Learn what new knowledge was gleaned from the latest Michigan on-farm soybean research projects during three upcoming meetings, which will start 9 a.m. and end with a complimentary lunch.
The meetings locations are as follows:
Jan. 19. Wagon Wheel American Grill, 7888 E. Grand River Ave., Portland
Jan. 20. GreenMark Equipment, 16700 Heimbach Road, Three Rivers
Jan. 21. AgroLiquid, 3055 M-21, St. Johns
Participants will learn how various management practices and products affected soybean yields and income, courtesy of the Michigan Soybean Checkoff program. Kurt Steinke, MSU Extension soil fertility specialist, will present his latest soil fertility research and nutrient management recommendations for soybeans in 2022.
Time has been allocated for input, questions and open discussion regarding the information presented at the program and future Michigan soybean on-farm research projects. This program has been approved for one pesticide applicator recertification credit.
Registration is requested to ensure an accurate count for lunch and materials. Call the Michigan Soybean Committee office in St. Johns at 877-769-6424, or register online at events.anr.msu.edu.
Bell’s Brewery sold to Australian-based brewer
Bell’s Brewery founder Larry Bell has reached an agreement with Lion, an Australian-based brewer, for the sale of Bell’s. Lion acquired Colorado’s New Belgium Brewing in 2019. The move will see the Michigan-based craft brewer come together with New Belgium.
Bell, who founded Bell’s in 1985 and brewed its first beers in a 15-gallon soup kettle, also announced his retirement from the company
“This decision ultimately came down to two determining factors,” Bell said. “First, the folks at New Belgium share our ironclad commitment to the craft of brewing and the community-first way we’ve built our business. Second, this was the right time. I’ve been doing this for more than 36 years and recently battled some serious health issues. I want everyone who loves this company like I do to know we have found a partner that truly values our incredible beer, our culture and the importance of our roots here in Michigan.”
USDA to survey farmers on financial well-being
More than 750 Michigan farmers and more than 30,000 producers nationwide will be tapped between now and April to answer a survey conducted by USDA’s National Agricultural Statistics Service.
The survey seeks to gather information about farm economics and production practices, as the agency conducts the third and final phase of the 2021 Agricultural Resource Management Survey. ARMS is the only survey that measures the financial well-being of Michigan producers and their households as a whole. The results of this survey will help inform decisions on local and federal policies and programs that affect Michigan farms and farm families.
The survey asks producers to provide in-depth information about their operating revenues, production costs and household characteristics. This year, the survey includes questions to help measure the effect of COVID-19 on farms, farm and household finances, and off-farm employment.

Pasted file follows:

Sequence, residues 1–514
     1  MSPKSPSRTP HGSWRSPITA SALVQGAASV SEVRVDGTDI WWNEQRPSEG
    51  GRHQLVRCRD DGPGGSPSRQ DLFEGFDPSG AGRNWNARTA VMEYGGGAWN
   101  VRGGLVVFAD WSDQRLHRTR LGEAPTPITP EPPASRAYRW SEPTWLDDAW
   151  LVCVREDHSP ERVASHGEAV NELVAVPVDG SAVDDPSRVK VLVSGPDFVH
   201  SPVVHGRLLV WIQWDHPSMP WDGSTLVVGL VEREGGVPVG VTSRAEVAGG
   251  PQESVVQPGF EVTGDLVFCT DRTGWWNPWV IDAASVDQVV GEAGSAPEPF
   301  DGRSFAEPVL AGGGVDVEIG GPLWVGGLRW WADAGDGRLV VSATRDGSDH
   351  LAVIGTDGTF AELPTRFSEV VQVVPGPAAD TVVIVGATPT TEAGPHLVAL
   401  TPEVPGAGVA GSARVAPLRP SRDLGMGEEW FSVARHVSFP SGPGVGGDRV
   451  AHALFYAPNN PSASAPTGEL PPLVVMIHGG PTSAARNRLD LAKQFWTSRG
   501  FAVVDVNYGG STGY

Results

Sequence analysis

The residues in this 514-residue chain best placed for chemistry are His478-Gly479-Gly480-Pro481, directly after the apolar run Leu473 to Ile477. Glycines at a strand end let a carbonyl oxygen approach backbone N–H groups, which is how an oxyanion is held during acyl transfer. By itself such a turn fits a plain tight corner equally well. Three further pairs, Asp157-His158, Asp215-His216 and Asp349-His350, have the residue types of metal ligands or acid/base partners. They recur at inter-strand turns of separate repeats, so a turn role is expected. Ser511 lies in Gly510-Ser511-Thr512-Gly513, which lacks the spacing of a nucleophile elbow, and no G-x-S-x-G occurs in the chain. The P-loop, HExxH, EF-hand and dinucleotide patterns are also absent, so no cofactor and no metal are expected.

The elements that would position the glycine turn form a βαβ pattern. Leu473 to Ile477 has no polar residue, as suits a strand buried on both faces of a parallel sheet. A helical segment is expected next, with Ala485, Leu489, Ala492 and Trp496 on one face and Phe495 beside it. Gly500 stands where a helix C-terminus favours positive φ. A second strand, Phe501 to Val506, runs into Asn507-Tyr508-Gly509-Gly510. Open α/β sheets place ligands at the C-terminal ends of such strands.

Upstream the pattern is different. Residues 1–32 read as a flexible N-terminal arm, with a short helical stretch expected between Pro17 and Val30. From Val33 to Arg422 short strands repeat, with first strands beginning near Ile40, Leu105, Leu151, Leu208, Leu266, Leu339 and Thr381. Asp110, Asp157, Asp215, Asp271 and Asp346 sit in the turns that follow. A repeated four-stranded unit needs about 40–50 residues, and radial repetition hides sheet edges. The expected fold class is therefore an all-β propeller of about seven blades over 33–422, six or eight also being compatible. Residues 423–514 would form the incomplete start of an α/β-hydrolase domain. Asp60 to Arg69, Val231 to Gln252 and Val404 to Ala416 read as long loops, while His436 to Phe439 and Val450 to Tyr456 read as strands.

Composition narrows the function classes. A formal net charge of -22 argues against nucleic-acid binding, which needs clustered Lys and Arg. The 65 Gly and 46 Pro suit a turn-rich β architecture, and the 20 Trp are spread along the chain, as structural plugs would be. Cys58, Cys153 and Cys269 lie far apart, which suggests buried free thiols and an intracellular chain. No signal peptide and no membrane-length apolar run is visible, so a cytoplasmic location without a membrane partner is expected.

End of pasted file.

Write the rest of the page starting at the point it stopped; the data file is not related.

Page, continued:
NASS has strong safeguards in place to protect the confidentiality of all farmers who respond to its surveys. The agency will only publish data in an aggregate form, ensuring the confidentiality of all responses and that no individual respondent or operation can be identified.
The expense data gathered in ARMS will be published in the annual Farm Production Expenditures report on July 29. That report and others are available at nass.usda.gov.
Smith to lead MSU AgBioResearch
George Smith has been named the director of MSU AgBioResearch and senior associate dean for research for the College of Agriculture and Natural Resources. Smith will have numerous responsibilities, including strategic direction and administrative oversight of MSU-ABR operations, budget and personnel.
He replaces Doug Buhler, who moved to a full-time role with the MSU Office of the Vice President for Research and Innovation. Smith has served as associate director of MSU-ABR since January 2015, and as the associate dean of research for CANR since January 2016.
Smith has been instrumental in the development of the Michigan Alliance for Animal Agriculture (M-AAA) in partnership with animal agriculture, allied industries and the Department of Agriculture and Rural Development.
M-AAA provides funding for applied research and Extension projects directly tied to immediate priorities of animal agriculture in Michigan. Smith’s leadership has resulted in the procurement of $11.3 million in state funding for the program (in collaboration with industry partners) since 2017.
FFA Crop Management Challenge winners named
To develop a deeper understanding of production agriculture, FFA students from across Michigan were tasked with deciding tillage practices, designing nutrient practices and promoting projects on social media as part of the FFA Crop Management Challenge.
Participants also were judged on their public speaking skills while presenting their management decisions to judges. Teams are judged on their crop's yield, profits, their presentation and a final report.
Some of the in-person activities included field days that were held at the North Central Research Station. Students competing in the contest had the opportunity to hear presentations and complete hands-on learning tasks with industry experts. Topics included planter components, crop growth stages, yield checks and pest management.
The top three teams for the soybean management contest were: first place, Lapeer; second place, Ovid-Elsie; and third place, Ionia.